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Monday, May 20, 2024
Mugglehead Magazine
Alternative investment news based in Vancouver, B.C.

Health & Wellness

Microdosing LSD shows potential antidepressant effects in landmark study

Results of the study were published in the journal Neuropsychopharmacology

MindMed's Phase II microdosing LSD study for MDD treatment yields positive results in Switzerland
LSD. Photo by mikeledray via Shutterstock

In a new research initiative undertaken at the University of Chicago, scientists have uncovered a potential breakthrough in addressing mild to moderate depression using microdoses of lysergic acid diethylamide (LSD).

In light of conventional depression treatments exhibiting limited efficacy, there is a growing interest in alternative therapeutic avenues, with a particular focus on psychedelic compounds. Published in the journal Neuropsychopharmacology, this study delves into the antidepressant effects associated with low doses of LSD, introducing an innovative perspective in mental health care.

Depression continues to pose a significant challenge in mental health treatment, with standard therapies proving ineffective for a broad range of patients. This study takes a bold step into unexplored terrain by examining the potential benefits of microdosing LSD for individuals already grappling with depressive symptoms. As traditional treatments encounter constraints, alternative therapeutic approaches gain prominence. Psychedelic compounds are emerging as a focal point in the realm of mental health research.

While higher doses of psychedelic substances have shown promise when coupled with therapy, they bring inherent risks and demand substantial resources. Conversely, microdosing—a practice involving minute quantities of psychedelic substances—has gained traction. Prior studies predominantly involved healthy subjects, yielding mixed outcomes. The University of Chicago’s research aims to investigate the impact of low LSD doses on individuals reporting depressive symptoms. This marks a notable departure from prior studies.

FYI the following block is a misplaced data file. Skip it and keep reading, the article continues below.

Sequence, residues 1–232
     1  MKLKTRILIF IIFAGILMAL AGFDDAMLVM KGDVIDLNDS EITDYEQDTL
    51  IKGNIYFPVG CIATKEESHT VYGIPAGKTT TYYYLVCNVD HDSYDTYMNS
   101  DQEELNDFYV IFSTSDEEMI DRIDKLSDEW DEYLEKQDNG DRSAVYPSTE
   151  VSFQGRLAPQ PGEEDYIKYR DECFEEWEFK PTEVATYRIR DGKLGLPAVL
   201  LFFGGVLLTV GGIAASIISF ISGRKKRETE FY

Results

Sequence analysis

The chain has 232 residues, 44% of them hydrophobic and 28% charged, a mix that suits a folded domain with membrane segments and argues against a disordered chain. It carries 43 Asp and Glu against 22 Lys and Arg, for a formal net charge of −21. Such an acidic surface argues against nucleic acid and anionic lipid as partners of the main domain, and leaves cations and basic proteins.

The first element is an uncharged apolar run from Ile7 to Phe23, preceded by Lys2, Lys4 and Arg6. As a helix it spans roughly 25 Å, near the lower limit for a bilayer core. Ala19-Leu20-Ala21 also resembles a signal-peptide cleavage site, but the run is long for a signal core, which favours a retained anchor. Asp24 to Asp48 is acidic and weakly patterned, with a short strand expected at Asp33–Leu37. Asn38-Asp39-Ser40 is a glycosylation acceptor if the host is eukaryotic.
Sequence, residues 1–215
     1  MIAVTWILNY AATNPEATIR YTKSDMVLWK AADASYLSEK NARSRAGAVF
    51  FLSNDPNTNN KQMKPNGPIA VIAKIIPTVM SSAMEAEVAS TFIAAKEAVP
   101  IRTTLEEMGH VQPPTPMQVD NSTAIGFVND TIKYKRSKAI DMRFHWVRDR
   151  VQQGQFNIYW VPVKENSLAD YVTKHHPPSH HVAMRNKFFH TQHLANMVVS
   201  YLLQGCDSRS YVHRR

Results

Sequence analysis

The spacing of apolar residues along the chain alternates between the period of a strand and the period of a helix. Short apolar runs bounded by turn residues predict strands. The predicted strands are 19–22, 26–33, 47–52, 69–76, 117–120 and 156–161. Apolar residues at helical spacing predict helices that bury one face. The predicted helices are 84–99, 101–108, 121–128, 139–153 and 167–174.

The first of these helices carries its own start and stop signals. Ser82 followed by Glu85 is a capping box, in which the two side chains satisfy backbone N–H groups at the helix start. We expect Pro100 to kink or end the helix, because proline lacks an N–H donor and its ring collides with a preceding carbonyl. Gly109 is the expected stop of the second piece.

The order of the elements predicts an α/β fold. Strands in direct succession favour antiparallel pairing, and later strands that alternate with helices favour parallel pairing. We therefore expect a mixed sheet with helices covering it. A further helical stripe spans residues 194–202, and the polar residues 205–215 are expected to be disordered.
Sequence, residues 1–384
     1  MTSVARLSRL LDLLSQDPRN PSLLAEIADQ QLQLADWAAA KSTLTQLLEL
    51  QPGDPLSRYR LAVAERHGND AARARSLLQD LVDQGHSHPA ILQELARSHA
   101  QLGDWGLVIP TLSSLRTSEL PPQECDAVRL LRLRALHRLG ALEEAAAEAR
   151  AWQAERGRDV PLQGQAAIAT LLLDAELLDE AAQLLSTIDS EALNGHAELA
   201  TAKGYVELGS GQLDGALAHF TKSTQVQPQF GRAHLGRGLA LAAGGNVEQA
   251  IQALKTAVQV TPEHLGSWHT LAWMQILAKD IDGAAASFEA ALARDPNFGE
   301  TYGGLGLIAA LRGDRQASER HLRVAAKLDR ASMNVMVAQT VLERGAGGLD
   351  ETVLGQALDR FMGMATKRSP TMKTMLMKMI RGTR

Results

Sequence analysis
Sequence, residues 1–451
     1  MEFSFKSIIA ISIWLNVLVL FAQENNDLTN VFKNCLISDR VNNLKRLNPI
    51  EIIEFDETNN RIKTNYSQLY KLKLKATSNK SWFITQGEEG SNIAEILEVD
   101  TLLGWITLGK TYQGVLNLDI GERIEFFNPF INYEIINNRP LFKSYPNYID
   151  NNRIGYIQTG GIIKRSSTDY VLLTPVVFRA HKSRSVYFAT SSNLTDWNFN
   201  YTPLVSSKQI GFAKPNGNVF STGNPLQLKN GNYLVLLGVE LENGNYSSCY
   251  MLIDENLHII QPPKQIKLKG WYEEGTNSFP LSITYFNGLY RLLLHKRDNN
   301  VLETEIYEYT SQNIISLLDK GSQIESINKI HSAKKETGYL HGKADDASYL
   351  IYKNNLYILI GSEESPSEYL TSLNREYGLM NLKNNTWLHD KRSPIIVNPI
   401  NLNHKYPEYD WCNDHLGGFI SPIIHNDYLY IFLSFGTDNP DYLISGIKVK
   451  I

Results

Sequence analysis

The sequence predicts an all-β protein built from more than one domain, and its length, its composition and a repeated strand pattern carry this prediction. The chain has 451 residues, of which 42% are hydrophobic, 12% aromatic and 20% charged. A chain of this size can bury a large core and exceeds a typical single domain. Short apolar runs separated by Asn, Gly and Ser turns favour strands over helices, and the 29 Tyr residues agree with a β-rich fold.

Read more: Microdosing LSD could help you sleep better: MindBio Therapeutics

Read more: MindBio Therapeutics receives approval for LSD study for major depression

Significant findings and future implications

The study enrolled 39 healthy volunteers, aged 18 to 35, exhibiting varying levels of depression. Participants underwent two five-hour laboratory sessions, randomly receiving either a 26-microgram LSD dose or a placebo. In addition, sessions were spaced at least a week apart to ensure a double-blind study. The research incorporated diverse measures, including subjective mood and drug effects ratings, creativity tasks, emotional facial recognition tasks, cardiovascular assessments, and blood tests to quantify LSD levels.

Participants, irrespective of their depression levels, reported heightened LSD effects compared to the placebo and displayed a preference for its effects. Intriguingly, those with higher depression scores reported a noteworthy decrease in depression scores 48 hours after the LSD session in comparison to the placebo session. This suggests a potential sustained antidepressant effect of LSD, particularly for individuals already contending with depressive symptoms.

The study’s findings provide initial evidence that individuals with depressed moods may respond differently to a single LSD dose compared to their non-depressed counterparts. Nevertheless, the researchers underscore the importance of replicating and extending the study to diverse samples. While the study opens avenues for exploration, it underscores the need for further research into the potential antidepressant effects of LSD, considering variables such as dosage, repeated administration, and diverse demographic groups.

In a landscape witnessing the evolution of mental health treatments, this study introduces a compelling avenue for future investigations, instilling hope for individuals grappling with depression and potentially paving the way for a transformative shift in mental health care.

 

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